HL Deb 23 May 1854 vol 133 cc784-7

Order of the Day for the Second Reading read.


, in moving the second reading of the Bill, stated that it contained three clauses; the first gave the justices in the rural districts the power, which was already possessed by the magistrates in the metropolitan district, to order the constables to destroy dogs in a rabid state, or to issue directions for the muzzling or tying up of dogs in the hot weather; the second clause extended to the agricultural districts the operation of the Act for the suppression of dog-carts; and the third clause was intended to prevent dangerous stock being kept in fields or inclosures, where they were likely to do injury to persons passing through.

Moved, That the Bill be now read 2a.


said, that there was no doubt the employment of dogs in carts was attended with considerable inconvenience and often led to accidents; but on the other hand the House must not forget that there were from 16,000 to 18,000 of these carts in the district south of London alone; and supposing that each of these carts was owned only by a single individual, it was obvious that this was a very large part of the population to deprive of their bread by an Act of the Legislature. They should not forget that the owners of these carts were restrained from cruelty to their dogs by a vigilant police, to the observation of whom they were constantly exposed; and if not treated with cruelty he saw no reason why the dog should not be employed for draught, to which it was as well adapted as the horse. He strongly objected to loading the Statute-book with small Statutes of this description, which greatly fettered the liberty of various pursuits in life. In regard to the provision contained in this measure respecting horned cattle, he thought the farmers would be greatly annoyed to find that according to this Bill they could not turn a bull calf out into the fields.

Amendment moved, to leave out "now" and insert "this day six months."


remarked, that the clause only referred to "furious" bulls.


said, that this Bill only proposed to give to the justices of the peace in the rural districts the power which the magistrates of the metropolitan districts had possessed for twenty-five years. He certainly thought that it was quite reasonable that this should be done. At present the magistrates in the rural districts had no power to order the destruction of dogs in a rabid state, which frequently bit a number of stock before they were destroyed. With respect to the suppression of dog-carts, there could be no doubt that these vehicles were the frequent causes of accidents. Nor did he think that their owners deserved the consideration of the House; they were generally the carriers of stolen goods, and were in the habit of going about from fair to fair with their dogs, which were so savage that no common constable would dare to approach them.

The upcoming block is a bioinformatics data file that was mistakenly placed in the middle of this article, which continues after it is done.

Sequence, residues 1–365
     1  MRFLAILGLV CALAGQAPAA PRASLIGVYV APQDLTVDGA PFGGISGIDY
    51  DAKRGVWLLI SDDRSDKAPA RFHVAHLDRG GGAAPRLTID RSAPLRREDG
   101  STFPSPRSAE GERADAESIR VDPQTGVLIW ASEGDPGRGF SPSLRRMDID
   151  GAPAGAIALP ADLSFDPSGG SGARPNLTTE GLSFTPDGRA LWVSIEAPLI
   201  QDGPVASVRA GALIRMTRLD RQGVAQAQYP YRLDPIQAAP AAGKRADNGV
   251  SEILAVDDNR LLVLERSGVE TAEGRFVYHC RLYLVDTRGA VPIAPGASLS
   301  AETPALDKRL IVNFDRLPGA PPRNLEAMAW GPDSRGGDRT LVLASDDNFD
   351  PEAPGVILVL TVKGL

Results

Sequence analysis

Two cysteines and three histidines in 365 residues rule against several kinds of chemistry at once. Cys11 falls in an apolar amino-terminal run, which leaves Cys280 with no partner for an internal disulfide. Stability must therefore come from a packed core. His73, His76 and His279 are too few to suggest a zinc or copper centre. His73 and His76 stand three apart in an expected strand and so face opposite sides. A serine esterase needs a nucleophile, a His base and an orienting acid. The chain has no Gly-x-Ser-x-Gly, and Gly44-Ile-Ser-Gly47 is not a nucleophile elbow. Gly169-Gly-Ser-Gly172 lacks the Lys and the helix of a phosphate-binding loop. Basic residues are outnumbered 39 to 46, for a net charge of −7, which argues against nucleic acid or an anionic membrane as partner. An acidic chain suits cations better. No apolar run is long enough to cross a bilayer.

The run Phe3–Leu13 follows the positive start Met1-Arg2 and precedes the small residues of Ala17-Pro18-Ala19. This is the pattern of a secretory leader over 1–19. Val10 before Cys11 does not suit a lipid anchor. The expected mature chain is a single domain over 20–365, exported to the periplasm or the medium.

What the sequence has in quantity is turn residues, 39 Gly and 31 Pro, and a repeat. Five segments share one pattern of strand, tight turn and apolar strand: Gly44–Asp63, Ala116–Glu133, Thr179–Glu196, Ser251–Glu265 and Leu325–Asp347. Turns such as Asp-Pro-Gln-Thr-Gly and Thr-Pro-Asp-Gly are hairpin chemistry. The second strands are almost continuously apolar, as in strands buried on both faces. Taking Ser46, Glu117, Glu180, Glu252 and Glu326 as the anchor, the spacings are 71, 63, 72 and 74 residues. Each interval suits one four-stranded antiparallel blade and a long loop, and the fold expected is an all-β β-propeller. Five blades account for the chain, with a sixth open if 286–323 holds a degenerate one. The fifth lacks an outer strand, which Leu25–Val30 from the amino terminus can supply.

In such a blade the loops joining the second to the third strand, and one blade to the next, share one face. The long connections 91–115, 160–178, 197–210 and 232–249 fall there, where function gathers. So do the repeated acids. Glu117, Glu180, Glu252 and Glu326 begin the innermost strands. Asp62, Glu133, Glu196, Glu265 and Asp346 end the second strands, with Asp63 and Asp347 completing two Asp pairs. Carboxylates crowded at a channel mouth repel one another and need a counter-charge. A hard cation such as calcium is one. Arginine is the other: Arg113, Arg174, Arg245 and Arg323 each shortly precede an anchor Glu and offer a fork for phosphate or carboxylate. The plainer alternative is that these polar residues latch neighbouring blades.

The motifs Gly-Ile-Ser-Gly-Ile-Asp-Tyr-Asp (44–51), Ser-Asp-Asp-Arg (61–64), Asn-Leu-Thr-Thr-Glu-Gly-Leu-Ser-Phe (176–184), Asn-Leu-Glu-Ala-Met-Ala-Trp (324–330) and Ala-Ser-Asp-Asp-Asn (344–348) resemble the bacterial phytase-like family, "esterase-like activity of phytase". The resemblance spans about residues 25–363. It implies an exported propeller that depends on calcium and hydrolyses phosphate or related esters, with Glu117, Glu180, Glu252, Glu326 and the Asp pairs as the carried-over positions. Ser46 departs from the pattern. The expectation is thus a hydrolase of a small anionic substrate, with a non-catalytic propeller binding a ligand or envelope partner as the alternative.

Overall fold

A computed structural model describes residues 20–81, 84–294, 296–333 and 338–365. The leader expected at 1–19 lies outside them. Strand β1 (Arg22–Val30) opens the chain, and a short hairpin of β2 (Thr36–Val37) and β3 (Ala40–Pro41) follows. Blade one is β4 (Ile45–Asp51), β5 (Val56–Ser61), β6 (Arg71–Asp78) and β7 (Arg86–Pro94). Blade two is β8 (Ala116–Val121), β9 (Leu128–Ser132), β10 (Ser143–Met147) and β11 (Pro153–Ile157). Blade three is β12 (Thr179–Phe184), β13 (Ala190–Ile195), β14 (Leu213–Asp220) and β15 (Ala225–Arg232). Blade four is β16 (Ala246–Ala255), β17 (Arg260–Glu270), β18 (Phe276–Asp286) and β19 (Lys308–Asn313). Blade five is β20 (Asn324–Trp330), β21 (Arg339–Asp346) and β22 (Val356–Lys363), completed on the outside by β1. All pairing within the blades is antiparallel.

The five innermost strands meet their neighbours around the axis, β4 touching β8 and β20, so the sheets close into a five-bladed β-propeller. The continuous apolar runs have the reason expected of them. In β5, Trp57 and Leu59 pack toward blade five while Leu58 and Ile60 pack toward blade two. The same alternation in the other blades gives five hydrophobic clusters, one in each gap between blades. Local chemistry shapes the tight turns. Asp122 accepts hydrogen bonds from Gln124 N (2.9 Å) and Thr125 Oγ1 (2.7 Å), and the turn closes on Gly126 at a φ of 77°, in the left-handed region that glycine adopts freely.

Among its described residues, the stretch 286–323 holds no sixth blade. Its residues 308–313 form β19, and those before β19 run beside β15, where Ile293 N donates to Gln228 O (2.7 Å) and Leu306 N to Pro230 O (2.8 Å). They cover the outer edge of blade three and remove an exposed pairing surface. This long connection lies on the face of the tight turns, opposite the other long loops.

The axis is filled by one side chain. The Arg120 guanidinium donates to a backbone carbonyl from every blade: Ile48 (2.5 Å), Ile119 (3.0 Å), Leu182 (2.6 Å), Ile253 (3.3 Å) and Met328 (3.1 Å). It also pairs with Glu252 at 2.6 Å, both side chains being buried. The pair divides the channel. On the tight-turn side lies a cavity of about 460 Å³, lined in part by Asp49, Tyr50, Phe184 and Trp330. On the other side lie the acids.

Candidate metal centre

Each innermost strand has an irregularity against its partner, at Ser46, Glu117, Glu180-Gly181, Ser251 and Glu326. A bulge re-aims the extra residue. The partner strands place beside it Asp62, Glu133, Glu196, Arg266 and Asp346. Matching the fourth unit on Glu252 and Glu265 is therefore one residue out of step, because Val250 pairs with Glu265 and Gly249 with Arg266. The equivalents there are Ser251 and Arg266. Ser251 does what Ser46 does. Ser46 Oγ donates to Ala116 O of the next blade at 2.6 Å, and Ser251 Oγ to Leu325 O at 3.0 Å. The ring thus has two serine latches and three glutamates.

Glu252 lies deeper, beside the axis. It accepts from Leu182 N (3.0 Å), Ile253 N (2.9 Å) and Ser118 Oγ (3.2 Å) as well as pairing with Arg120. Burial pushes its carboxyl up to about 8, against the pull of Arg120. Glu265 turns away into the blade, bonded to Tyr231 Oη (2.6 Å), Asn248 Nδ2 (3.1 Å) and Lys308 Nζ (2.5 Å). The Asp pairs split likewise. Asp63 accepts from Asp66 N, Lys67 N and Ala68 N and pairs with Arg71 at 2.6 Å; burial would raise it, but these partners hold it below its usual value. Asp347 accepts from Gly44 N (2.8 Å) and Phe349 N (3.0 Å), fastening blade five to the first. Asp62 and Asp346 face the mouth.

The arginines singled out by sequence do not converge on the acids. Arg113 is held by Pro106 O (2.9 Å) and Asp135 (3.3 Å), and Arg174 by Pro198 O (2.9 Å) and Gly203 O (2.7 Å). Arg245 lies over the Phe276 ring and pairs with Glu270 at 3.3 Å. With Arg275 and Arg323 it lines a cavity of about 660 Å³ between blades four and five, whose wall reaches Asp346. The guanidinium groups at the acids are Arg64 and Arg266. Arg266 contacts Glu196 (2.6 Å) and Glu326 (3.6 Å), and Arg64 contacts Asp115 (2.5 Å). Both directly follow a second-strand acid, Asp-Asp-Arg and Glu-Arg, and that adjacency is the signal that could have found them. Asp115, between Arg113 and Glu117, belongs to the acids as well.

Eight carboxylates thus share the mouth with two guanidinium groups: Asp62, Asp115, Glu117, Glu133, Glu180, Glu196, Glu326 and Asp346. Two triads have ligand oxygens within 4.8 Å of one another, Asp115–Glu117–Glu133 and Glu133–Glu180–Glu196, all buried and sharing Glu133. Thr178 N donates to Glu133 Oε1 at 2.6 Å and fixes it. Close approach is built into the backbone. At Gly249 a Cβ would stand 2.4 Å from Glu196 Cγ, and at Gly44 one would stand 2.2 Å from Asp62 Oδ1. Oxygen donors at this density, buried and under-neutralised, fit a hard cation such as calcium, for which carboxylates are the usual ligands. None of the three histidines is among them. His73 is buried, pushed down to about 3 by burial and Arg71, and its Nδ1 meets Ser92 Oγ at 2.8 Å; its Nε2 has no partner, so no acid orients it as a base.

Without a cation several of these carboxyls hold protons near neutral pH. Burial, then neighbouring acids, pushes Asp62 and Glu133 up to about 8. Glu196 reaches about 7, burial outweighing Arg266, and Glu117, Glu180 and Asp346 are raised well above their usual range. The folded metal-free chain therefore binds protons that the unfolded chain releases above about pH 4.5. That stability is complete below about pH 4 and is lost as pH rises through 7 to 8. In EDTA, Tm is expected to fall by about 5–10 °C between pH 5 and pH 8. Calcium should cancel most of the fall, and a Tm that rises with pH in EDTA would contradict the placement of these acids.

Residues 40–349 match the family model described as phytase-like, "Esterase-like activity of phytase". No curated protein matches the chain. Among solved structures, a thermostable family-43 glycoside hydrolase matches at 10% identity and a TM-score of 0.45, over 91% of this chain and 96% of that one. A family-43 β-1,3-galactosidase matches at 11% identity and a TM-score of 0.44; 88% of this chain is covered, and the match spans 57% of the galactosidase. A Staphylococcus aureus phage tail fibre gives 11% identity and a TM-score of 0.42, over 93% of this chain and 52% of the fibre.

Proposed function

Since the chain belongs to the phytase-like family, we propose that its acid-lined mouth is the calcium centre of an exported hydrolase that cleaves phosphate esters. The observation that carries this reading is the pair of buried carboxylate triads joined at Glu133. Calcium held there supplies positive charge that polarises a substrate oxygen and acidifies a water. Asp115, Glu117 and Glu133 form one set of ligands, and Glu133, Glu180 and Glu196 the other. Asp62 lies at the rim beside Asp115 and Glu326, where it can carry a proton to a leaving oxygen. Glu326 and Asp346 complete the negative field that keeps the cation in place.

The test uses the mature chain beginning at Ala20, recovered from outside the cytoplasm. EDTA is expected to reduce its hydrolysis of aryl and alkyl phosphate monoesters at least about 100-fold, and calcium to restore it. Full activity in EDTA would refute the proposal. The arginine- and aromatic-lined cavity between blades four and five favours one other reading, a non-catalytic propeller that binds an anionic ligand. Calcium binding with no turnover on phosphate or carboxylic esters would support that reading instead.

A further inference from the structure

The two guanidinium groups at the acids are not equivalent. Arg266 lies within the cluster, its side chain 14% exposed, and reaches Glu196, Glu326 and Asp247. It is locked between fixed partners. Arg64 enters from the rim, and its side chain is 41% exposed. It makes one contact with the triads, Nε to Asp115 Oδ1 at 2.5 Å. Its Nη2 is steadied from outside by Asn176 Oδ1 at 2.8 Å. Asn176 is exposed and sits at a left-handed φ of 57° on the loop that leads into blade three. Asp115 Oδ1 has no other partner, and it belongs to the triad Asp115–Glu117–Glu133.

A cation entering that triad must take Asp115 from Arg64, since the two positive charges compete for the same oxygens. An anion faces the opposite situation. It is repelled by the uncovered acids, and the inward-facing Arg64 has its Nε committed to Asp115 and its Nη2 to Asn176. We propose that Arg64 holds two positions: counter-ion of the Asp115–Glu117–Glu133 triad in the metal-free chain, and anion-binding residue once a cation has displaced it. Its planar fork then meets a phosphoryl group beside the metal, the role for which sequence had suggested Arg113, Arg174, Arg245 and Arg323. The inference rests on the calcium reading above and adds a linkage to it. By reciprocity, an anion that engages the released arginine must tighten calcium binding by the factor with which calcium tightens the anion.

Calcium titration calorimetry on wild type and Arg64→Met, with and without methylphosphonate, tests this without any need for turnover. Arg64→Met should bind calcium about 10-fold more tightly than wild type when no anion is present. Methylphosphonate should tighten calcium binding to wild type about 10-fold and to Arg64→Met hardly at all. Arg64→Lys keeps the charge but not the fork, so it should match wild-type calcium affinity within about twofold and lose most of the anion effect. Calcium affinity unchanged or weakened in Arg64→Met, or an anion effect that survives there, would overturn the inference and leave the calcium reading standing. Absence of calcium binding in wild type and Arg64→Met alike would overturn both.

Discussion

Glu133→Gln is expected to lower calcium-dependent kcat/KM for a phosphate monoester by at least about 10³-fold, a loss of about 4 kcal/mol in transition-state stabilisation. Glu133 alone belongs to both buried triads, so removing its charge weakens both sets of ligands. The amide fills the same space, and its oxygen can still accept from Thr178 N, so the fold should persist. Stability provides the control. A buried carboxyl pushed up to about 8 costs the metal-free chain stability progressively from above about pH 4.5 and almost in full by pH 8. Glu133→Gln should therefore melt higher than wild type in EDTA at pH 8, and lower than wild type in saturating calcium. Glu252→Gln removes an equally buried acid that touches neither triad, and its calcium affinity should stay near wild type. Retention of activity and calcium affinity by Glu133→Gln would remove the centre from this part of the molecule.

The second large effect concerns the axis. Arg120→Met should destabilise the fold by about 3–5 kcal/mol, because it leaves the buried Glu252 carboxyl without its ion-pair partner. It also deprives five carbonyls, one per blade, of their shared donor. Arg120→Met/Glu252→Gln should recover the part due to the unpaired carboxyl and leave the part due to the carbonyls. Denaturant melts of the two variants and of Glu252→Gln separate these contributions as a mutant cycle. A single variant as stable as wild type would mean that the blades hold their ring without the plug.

thought it was highly desirable to take measures to prevent dogs being used for the purposes of draught. Their employment in these little carts was often attended with serious accidents, and the men by whom they were owned were, generally speaking, amongst the worst class of the population. He believed that the use of dogs in this manner would not answer for the purposes of honest trade; and that the only way in which the proprietors of existing dog-carts made it pay was, by keeping such savage dogs that no one liked to meddle with them, and thus they were enabled to live at free quarters in the neighbourhoods through which they passed.